Determining significance

One approach to test whether an observed value of ρ is significantly different from zero (r will always maintain −1 ≤ r ≤ 1) is to calculate the probability that it would be greater than or equal to the observed r, given the null hypothesis, by using a permutation test. An advantage of this approach is that it automatically takes into account the number of tied data values there are in the sample, and the way they are treated in computing the rank correlation.

Another approach parallels the use of the Fisher transformation in the case of the Pearson product-moment correlation coefficient. That is, confidence intervals and hypothesis tests relating to the population value ρ can be carried out using the Fisher transformation:

If F(r) is the Fisher transformation of r, the sample Spearman rank correlation coefficient, and n is the sample size, then

is a z-score for r which approximately follows a standard normal distribution under the null hypothesis of statistical independence (ρ = 0).[6][7]

One can also test for significance using

which is distributed approximately as Student's t distribution with n − 2 degrees of freedom under the null hypothesis.[8] A justification for this result relies on a permutation argument.[9]

pvrank[10] is a very recent R package that computes rank correlations and their p-values with various options for tied ranks. It is possible to compute exact Spearman coefficient test p-values for n ≤ 26.

A generalization of the Spearman coefficient is useful in the situation where there are three or more conditions, a number of subjects are all observed in each of them, and it is predicted that the observations will have a particular order. For example, a number of subjects might each be given three trials at the same task, and it is predicted that performance will improve from trial to trial. A test of the significance of the trend between conditions in this situation was developed by E. B. Page[11] and is usually referred to as Page's trend test for ordered alternatives.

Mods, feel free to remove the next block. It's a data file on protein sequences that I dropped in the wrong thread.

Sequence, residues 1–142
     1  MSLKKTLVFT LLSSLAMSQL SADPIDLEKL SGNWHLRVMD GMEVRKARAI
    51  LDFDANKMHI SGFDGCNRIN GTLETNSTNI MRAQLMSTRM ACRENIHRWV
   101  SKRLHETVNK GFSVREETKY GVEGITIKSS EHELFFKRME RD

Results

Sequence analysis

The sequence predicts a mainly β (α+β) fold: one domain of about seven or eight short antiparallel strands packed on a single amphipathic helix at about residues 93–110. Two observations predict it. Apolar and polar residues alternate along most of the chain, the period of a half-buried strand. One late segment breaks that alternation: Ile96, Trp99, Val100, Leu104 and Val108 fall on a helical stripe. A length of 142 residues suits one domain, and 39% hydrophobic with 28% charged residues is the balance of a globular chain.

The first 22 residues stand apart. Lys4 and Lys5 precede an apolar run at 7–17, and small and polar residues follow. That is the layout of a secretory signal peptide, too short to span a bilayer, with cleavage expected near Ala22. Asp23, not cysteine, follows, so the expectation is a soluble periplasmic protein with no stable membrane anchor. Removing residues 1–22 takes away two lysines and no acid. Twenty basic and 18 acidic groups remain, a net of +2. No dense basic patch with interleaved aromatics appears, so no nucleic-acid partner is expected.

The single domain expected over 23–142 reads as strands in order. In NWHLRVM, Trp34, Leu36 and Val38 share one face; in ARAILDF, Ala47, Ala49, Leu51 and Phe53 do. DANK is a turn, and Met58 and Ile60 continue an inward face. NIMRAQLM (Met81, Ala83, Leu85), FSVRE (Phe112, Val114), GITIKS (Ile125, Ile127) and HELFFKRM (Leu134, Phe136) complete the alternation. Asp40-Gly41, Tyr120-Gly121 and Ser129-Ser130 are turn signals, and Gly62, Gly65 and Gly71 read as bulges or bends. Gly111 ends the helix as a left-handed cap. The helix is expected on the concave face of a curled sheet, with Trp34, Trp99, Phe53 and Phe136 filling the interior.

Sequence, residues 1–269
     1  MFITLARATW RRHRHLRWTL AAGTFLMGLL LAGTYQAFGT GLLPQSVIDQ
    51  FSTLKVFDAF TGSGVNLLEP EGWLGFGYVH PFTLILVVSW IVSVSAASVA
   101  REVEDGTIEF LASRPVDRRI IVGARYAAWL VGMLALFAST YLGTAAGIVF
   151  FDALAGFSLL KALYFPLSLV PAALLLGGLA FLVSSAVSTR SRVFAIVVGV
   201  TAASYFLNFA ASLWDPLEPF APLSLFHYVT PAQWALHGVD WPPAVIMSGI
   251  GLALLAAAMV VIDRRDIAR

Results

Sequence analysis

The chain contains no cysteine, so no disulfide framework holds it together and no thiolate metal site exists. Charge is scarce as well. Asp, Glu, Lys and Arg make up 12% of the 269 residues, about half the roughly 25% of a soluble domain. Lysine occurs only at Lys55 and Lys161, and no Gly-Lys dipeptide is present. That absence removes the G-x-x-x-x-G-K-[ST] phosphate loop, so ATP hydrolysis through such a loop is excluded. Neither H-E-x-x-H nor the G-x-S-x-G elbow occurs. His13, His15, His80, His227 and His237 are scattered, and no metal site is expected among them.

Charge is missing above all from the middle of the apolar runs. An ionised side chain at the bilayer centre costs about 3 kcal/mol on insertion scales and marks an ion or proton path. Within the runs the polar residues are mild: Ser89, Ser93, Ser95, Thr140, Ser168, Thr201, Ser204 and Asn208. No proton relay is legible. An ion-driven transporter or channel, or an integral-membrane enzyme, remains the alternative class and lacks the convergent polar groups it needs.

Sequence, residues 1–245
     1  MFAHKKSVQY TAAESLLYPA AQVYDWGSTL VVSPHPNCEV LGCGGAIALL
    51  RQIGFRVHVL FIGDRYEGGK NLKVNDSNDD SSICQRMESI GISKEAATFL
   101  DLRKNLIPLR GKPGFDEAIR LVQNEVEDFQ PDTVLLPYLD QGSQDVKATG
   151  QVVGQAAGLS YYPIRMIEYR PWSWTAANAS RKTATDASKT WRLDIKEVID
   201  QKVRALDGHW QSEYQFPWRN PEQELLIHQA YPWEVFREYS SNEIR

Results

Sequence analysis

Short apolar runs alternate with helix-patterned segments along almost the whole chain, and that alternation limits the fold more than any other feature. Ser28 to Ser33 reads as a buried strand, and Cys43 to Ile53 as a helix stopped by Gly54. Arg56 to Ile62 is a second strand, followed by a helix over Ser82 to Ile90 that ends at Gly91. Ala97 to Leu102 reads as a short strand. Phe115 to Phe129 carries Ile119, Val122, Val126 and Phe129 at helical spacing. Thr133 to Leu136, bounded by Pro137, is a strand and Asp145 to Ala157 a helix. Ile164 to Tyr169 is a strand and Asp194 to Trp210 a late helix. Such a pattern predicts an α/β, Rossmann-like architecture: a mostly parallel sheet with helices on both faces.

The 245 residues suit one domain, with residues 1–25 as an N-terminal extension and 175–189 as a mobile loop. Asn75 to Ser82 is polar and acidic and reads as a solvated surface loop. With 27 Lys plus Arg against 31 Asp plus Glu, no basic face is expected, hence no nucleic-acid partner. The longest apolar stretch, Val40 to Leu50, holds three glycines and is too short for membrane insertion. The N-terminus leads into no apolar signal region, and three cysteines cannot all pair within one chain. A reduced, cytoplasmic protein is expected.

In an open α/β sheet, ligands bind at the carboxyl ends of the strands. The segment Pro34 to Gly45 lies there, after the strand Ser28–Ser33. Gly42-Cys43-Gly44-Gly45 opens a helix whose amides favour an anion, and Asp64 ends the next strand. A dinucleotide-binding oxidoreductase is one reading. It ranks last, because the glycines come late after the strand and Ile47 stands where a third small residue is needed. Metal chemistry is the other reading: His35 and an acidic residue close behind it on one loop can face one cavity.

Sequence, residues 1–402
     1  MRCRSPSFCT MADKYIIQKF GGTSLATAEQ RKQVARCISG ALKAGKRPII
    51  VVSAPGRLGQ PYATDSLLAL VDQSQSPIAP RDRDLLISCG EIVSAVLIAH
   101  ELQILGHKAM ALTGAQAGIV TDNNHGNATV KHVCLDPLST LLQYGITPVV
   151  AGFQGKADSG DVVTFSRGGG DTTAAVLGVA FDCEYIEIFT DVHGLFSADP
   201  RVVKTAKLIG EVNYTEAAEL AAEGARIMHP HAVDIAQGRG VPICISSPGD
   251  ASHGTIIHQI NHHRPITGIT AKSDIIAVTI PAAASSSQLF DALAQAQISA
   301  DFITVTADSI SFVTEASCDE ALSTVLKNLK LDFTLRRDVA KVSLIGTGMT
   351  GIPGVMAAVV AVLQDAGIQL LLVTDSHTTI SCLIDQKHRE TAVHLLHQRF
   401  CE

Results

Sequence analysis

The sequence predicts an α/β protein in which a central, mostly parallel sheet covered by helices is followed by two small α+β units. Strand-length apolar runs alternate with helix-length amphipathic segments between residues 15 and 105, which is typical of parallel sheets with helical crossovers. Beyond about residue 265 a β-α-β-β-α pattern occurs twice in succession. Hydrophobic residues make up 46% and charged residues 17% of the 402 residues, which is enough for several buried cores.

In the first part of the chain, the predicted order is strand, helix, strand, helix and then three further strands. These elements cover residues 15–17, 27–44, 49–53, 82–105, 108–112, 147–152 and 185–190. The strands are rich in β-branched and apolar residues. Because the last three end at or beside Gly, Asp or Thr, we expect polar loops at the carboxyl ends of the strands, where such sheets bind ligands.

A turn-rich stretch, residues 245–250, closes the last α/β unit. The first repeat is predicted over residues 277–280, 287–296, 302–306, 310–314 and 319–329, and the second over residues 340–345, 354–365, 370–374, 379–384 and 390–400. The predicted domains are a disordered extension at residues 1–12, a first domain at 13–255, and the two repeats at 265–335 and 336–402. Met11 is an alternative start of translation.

Correspondence analysis based on Spearman's rho

Classic correspondence analysis is a statistical method that gives a score to every value of two nominal variables. In this way the Pearson correlation coefficient between them is maximized.

There exists an equivalent of this method, called grade correspondence analysis, which maximizes Spearman's rho or Kendall's tau.[12]

See also


  1. Scale types
  2. Lehman, Ann (2005). Jmp For Basic Univariate And Multivariate Statistics: A Step-by-step Guide. Cary, NC: SAS Press. p. 123. ISBN 1-59047-576-3.
  3. Myers, Jerome L.; Well, Arnold D. (2003). Research Design and Statistical Analysis (2nd ed.). Lawrence Erlbaum. p. 508. ISBN 0-8058-4037-0.
  4. Yule, G.  U.; Kendall, M.  G. (1968) [1950]. An Introduction to the Theory of Statistics (14th ed.). Charles Griffin & Co. p. 268.
  5. Piantadosi, J.; Howlett, P.; Boland, J. (2007). "Matching the grade correlation coefficient using a copula with maximum disorder". Journal of Industrial and Management Optimization. 3 (2): 305–312.
  6. Choi, S. C. (1977). "Tests of Equality of Dependent Correlation Coefficients". Biometrika. 64 (3): 645–647. doi:10.1093/biomet/64.3.645.
  7. Fieller, E. C.; Hartley, H. O.; Pearson, E. S. (1957). "Tests for rank correlation coefficients. I". Biometrika. 44: 470–481. doi:10.1093/biomet/44.3-4.470.
  8. Press; Vettering; Teukolsky; Flannery (1992). Numerical Recipes in C: The Art of Scientific Computing (2nd ed.). p. 640.
  9. Kendall, M. G.; Stuart, A. (1973). The Advanced Theory of Statistics, Volume 2: Inference and Relationship. Griffin. ISBN 0-85264-215-6. (Sections 31.19, 31.21)
  10. Amerise, I.L.; Marozzi, M.; Tarsitano, A. "R package pvrank".
  11. Page, E. B. (1963). "Ordered hypotheses for multiple treatments: A significance test for linear ranks". Journal of the American Statistical Association. 58 (301): 216–230. doi:10.2307/2282965.
  12. Kowalczyk, T.; Pleszczyńska, E.; Ruland, F., eds. (2004). Grade Models and Methods for Data Analysis with Applications for the Analysis of Data Populations. Studies in Fuzziness and Soft Computing. 151. Berlin Heidelberg New York: Springer Verlag. ISBN 978-3-540-21120-4.

Further reading